Immunotherapy refers to a treatment strategy aimed at modulating the immune system to achieve a prophylactic and/or therapeutic goal.
Cancer immunotherapy attempts to stimulate the immune system to reject and destroy tumors. BCG immunotherapy for early stage (non-invasive) bladder cancer utilizes instillation of attenuated live bacteria into the bladder, and is effective in preventing recurrence in up to two-thirds of cases.
Topical immunotherapy utilizes an immune enhancement cream (imiquimod) which is an interferon producer causing the patients own killer T-cells to destroy warts, actinic keratoses, basal cell cancer, squamous cell cancer, cutaneous lymphoma, and superficial malignant melanoma.
Dendritic cell-based immunotherapy utilizes dendritic cells to activate a cytotoxic response towards an antigen. Dendritic cells, an antigen presenting cell, are harvested from a patient. These cells are then either pulsed with an antigen or transfected with a viral vector. The activated dendritic cells are then placed back into the patient; these cells then present the antigens to effector lymphocytes (CD4+ T-cells, CD8+ T-cells, and in specialized dendritic cells, B-cells also). This initiates a cytotoxic response to occur against these antigens and anything that may present these antigens. One use for this therapy is in cancer immunotherapy. Tumor Antigens are presented to dendritic cells, which cause the immune system to target these antigens, which are often expressed on cancerous cells.
T-cell based adoptive immunotherapy uses T-cell-based cytotoxic responses to attack cancer. In brief, T-cells that have a natural or genetically engineered reactivity to a patient's cancer are expanded in vitro using a variety of means and then adoptively transferred into a cancer patient. T-cells with a naturally-occurring reactivity to a patient's cancer can be found infiltrated in the patients own tumors. The tumor is harvested, and these tumor-infiltrating lymphocytes are expanded in vitro using high concentrations of interluekin-2 (IL-2), anti-CD3 and allo-reactive feeders. These T-cells are then transferred back into the patient along with exogenous administration of IL-2. Thus far, a 51% objective response rate has been observed; in some patients, tumors shrank to indetectable size.
In the case of engineered T-cells, T-cell receptors (TCR) that have been identified to have reactivity against tumor associated antigens are cloned into a replication incompetent virus that is capable of genomic integration. A patient's own lymphocytes are exposed to these viruses and then expanded non-specifically or stimulated using the engineered TCR. The cells are then transferred back into the patient. This therapy has been demonstrated to result in objective clinical responses in patients with refractory stage IV cancer.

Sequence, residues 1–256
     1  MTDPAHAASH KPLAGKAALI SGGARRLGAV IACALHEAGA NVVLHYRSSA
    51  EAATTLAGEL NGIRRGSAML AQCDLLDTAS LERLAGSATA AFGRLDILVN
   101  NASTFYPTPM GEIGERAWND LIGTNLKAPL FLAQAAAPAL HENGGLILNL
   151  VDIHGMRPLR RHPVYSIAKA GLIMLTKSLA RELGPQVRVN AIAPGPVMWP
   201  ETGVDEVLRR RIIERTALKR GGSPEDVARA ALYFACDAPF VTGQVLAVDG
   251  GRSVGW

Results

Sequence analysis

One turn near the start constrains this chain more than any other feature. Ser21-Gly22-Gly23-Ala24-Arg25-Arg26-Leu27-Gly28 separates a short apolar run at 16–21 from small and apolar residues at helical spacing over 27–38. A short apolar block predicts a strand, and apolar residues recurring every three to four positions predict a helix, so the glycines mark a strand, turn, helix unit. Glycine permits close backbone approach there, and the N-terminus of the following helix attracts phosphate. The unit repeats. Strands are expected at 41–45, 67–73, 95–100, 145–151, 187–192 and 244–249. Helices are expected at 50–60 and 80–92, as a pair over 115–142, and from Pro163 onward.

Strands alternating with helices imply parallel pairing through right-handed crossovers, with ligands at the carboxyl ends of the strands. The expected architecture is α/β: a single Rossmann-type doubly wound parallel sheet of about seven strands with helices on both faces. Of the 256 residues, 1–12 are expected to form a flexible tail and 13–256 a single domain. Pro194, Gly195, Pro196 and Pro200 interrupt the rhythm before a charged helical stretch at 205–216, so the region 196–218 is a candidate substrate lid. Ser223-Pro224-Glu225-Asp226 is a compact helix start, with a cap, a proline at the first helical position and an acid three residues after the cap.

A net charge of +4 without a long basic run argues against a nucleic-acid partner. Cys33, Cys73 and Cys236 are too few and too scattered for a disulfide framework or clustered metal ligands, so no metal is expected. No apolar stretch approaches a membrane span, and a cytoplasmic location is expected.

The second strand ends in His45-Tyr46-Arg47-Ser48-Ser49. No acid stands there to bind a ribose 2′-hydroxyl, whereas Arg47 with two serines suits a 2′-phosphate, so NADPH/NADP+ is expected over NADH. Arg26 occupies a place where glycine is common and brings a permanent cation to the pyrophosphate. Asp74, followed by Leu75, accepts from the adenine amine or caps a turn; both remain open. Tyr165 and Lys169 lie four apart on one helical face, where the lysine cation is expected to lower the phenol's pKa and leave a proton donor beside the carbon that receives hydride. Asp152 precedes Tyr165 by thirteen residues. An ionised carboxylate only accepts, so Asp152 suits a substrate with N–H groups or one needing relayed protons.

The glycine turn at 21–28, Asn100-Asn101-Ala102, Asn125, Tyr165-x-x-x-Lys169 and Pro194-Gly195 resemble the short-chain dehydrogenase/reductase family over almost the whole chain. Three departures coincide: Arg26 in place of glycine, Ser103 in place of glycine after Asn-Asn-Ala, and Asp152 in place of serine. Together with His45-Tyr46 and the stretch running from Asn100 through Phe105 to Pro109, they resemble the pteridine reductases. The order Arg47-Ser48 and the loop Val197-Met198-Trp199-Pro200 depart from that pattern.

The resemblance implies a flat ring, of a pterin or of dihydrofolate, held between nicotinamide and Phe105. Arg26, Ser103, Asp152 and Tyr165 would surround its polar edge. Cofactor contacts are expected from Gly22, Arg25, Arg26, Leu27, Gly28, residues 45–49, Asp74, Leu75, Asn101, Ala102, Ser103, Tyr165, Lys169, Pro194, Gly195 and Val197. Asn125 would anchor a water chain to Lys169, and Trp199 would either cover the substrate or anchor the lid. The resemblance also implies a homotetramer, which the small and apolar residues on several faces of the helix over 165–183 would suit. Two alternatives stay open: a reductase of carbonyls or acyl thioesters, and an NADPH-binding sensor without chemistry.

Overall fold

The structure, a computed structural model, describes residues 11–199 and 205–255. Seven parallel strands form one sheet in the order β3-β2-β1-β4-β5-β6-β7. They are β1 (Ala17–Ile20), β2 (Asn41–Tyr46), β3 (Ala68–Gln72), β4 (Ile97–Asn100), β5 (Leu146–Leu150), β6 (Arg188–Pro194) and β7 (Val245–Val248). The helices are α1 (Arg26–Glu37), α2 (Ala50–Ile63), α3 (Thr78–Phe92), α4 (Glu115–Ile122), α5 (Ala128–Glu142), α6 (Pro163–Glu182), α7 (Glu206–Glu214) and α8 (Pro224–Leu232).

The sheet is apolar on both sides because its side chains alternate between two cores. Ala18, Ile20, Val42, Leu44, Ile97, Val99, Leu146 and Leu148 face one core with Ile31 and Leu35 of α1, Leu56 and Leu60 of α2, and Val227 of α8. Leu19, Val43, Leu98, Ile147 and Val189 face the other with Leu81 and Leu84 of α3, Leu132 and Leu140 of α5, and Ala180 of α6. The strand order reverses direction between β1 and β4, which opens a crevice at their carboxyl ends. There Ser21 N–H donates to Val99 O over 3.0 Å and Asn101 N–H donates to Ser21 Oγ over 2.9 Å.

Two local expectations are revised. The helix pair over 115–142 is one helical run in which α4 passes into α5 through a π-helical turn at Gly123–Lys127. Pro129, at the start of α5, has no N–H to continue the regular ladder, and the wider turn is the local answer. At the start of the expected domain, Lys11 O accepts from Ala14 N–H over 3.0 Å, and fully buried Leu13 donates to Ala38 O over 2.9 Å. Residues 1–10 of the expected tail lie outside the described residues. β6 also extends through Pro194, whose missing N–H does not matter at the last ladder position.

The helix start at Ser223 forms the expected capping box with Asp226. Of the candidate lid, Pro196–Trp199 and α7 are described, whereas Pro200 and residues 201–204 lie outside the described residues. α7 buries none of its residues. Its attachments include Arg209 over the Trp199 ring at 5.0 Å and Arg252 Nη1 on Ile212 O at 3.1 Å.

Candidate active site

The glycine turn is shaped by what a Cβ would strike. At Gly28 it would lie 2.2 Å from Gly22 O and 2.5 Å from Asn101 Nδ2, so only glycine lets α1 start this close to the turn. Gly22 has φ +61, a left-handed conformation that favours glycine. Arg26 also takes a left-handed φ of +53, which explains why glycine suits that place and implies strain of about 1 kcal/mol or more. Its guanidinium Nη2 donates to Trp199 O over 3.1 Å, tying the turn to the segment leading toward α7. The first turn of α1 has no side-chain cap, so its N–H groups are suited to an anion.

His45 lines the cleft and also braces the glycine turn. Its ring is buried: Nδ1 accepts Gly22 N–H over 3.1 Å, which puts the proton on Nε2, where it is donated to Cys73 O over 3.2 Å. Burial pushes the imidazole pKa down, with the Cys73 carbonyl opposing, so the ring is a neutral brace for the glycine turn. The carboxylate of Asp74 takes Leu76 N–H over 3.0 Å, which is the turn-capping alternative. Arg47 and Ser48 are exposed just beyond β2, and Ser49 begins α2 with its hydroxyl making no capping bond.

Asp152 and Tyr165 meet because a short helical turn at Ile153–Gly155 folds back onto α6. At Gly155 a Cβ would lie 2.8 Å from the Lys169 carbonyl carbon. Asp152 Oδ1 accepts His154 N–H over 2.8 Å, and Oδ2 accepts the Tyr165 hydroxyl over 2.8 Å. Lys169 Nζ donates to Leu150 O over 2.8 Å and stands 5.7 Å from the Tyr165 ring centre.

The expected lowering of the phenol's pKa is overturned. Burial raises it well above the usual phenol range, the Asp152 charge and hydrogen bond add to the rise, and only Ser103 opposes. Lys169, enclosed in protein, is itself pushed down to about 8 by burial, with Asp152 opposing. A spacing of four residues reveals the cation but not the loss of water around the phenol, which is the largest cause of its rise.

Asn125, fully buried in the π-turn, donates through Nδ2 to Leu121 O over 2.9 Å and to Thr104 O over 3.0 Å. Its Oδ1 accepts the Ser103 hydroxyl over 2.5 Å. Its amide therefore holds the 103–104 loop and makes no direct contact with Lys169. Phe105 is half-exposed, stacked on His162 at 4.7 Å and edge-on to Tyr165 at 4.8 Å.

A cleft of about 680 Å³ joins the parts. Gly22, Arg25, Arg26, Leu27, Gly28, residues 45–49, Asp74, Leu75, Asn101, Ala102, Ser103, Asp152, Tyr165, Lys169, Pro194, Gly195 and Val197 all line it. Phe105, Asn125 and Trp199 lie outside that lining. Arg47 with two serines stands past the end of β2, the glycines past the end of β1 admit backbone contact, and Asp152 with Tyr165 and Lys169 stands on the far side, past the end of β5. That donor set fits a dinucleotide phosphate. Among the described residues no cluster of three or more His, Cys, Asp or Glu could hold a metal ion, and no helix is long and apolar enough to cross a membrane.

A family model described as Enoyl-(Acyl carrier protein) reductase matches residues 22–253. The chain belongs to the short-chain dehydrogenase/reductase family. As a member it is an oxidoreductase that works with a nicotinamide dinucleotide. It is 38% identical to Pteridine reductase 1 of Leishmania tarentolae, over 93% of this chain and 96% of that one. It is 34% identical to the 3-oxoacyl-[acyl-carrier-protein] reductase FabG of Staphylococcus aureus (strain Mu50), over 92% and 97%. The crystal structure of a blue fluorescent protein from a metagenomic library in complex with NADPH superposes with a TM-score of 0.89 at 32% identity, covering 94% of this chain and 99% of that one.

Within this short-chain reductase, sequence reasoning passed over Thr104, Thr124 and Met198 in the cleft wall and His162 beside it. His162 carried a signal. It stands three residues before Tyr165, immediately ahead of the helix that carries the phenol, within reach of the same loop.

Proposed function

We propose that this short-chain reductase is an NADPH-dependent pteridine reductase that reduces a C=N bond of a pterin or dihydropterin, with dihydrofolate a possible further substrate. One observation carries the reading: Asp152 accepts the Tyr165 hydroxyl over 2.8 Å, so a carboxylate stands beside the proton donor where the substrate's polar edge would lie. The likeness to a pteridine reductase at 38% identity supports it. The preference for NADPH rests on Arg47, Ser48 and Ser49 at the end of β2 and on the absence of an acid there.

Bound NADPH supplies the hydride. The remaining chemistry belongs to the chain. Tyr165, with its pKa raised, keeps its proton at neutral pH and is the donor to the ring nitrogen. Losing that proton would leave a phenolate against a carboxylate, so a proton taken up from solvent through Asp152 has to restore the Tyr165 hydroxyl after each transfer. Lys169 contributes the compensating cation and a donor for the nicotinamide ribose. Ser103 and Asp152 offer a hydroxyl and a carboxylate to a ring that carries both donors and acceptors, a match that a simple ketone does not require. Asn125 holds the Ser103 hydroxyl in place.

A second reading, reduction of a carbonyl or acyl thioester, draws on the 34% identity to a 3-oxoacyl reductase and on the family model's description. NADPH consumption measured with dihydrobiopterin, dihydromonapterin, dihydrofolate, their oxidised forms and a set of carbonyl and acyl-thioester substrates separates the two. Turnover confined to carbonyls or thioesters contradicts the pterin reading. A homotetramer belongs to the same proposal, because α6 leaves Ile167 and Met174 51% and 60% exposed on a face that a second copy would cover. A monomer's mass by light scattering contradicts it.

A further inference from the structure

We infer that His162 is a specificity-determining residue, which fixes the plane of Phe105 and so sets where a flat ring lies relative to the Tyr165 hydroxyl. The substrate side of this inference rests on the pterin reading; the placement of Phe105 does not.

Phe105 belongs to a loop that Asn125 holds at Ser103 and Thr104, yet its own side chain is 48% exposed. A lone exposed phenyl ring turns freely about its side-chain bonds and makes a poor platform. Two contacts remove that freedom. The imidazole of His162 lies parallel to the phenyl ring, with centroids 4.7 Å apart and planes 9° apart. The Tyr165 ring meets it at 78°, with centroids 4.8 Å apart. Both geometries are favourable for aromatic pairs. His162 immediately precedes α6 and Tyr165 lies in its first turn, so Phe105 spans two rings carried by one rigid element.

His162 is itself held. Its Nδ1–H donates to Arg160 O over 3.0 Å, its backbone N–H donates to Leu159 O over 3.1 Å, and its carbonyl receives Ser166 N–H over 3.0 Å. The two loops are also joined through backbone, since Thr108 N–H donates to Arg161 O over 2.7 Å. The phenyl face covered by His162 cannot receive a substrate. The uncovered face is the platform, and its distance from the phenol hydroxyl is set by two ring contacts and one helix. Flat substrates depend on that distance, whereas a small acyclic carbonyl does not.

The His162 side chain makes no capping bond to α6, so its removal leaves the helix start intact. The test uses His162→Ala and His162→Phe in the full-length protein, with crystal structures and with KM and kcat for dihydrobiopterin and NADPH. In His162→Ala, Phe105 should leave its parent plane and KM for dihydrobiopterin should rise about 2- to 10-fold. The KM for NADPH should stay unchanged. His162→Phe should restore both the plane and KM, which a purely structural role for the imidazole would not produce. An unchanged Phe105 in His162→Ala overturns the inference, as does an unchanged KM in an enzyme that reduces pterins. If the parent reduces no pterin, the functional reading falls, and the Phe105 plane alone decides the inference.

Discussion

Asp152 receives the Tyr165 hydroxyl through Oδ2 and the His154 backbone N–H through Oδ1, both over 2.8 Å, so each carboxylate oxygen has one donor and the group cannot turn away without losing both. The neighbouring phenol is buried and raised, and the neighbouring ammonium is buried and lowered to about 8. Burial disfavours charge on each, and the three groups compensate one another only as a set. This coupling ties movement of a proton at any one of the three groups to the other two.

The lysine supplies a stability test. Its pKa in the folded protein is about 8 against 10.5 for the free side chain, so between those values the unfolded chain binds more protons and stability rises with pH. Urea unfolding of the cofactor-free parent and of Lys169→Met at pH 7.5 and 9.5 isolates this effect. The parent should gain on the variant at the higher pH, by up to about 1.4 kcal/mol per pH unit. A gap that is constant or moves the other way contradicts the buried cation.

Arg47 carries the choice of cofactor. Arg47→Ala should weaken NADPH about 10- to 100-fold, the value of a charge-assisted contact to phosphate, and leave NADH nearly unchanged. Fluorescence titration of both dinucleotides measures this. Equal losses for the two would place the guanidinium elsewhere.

Immune suppression dampens an abnormal immune response in autoimmune diseases or reduces a normal immune response to prevent rejection of transplanted organs or cells.
Immune tolerance is the process by which the body naturally does not launch an immune system attack on its own tissues. Immune tolerance therapies seeks to reset the immune system so that the body stops mistakenly attacking its own organs or cells in autoimmune disease or accepts foreign tissue in organ transplantation. A brief treatment should then reduce or eliminate the need for life-long immunosuppression and the chances of attendant side-effects, in the case of transplantation, or preserve the body's own function, at least in part, in cases of type 1 diabetes or other autoimmune disorders.
Allergy immunotherapy is used to treat allergies. While other allergy treatments (such as antihistamines or corticosteroids) treat only the symptoms of allergic disease, immunotherapy is the only available treatment that can modify the natural course of the allergic disease, by reducing sensitivity to allergens.
Immunotherapy is generally not indicated for food or medicinal allergies.
A 3-to-5-year individually-tailored regimen of injections may result in long-term benefits. Recent research suggests that patients who complete immunotherapy may continue to see benefits for years to come. Immunotherapy does not work for everyone and is only partly effective in some people, but it offers allergy sufferers the chance to eventually reduce or stop symptomatic/rescue medication.
The therapy is indicated for people who are extremely allergic or who cannot avoid specific allergens. For example, they may not be able to live a normal life and completely avoid pollen, dust mites, mold spores, pet dander, insect venom, and certain other common triggers of allergic reactions.
Immunotherapy is typically individually-tailored and administered by an allergist (allergologist). Injection schedules are available in some healthcare systems and can be prescribed by family physicians. This therapy is particularly useful for people with allergic rhinitis or asthma.
The therapy is particularly likely to be successful if it begins early in life or soon after the allergy develops for the first time. Immunotherapy involves a series of injections of 'allergy extract' given regularly for several years by a specialist in a hospital clinic. The first shots contain very tiny amounts of the allergen or antigen to which you are allergic. With progressively increasing dosages over time, the body will adjust to the allergen and become less sensitive to it. This process is called desensitization. A recently approved sublingual tablet (Grazax), containing a grass pollen extract, is similarly effective, with few side-effects, and can be self-administered at home, including by those patients who also suffer from allergic asthma, a condition which precludes the use of injection-based desensitization.